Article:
Alum earns national recognition for literacy research

January 5, 2024

Jon Wargo, a doctoral graduate of the college’s Curriculum, Instruction, and Teacher Education (CITE) program, received the National Council of Teachers of English (NCTE) Media Literacy Award. He was also named Early Literacy Teacher Educator of the Year.

As a researcher in literacy and a teacher educator at the Marsal Family School of Education (University of Michigan), Wargo examines the impact of media and technology in connection with the development of critical literacy in minoritized children and nondominant youth. Each year, the NCTE Media Literacy Award recognizes an educator who has developed innovative approaches for integrating media analysis and composition into their instruction.

Professional headshot of Jon Wargo.
CITE Ph.D. program alum Jon Wargo.

He utilizes the innovative and creative abilities of young people as indicators and sources for meaningful literacy education. “One of the things my work showcases is that young children are quite capable of being recognized as sophisticated knowers in spaces where others – perhaps with adult lenses  –  may understand them just as children,” he said.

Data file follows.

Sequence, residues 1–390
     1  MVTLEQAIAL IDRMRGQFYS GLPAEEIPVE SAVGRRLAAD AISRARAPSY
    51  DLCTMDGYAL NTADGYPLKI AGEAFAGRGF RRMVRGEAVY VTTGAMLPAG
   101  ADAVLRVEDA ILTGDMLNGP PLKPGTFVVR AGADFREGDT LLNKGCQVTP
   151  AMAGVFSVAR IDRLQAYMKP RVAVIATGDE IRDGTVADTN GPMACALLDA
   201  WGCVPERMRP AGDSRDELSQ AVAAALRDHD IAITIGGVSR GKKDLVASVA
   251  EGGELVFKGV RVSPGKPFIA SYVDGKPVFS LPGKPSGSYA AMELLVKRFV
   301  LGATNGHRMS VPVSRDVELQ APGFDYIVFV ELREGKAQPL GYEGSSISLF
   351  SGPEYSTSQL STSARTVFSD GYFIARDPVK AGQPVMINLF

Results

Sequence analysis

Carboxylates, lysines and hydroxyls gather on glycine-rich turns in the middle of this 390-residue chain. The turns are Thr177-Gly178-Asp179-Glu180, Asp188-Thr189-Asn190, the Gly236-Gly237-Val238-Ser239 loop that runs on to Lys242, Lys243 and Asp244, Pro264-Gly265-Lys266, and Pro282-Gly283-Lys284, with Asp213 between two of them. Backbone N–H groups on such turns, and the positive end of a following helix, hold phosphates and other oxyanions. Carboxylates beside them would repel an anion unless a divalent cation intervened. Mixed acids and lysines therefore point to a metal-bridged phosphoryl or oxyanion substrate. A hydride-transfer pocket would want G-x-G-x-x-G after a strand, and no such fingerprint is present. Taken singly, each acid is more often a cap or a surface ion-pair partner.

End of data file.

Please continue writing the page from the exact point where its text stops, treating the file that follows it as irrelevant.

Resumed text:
The Early Literacy Teacher Educator Award, which is presented by the Early Childhood Education Assembly of NCTE, recognizes a teacher educator specializing in early childhood education with a focus on language and literacy development. In addition, the award acknowledges inclusive educators making an impact on the practice of English education in early childhood.

Wargo was recognized for both awards at the annual NCTE Annual Convention, which was held in Columbus, Ohio from Nov. 16-19, 2023.

During his time at the college, Wargo was inspired by his former Professors Django Paris, Dorothea Anagnostopoulos, Avner Segall, Peter De Costa, Trixie Smith, Susan Florio-Ruane and Cheryl Rosaen. “I had a phenomenal time with them as my professors and I just feel so grateful that I was at the college during a very special time,” he said. “One thing that MSU taught me is that the teacher education classroom is, and will forever be, a ripe site for inquiry.”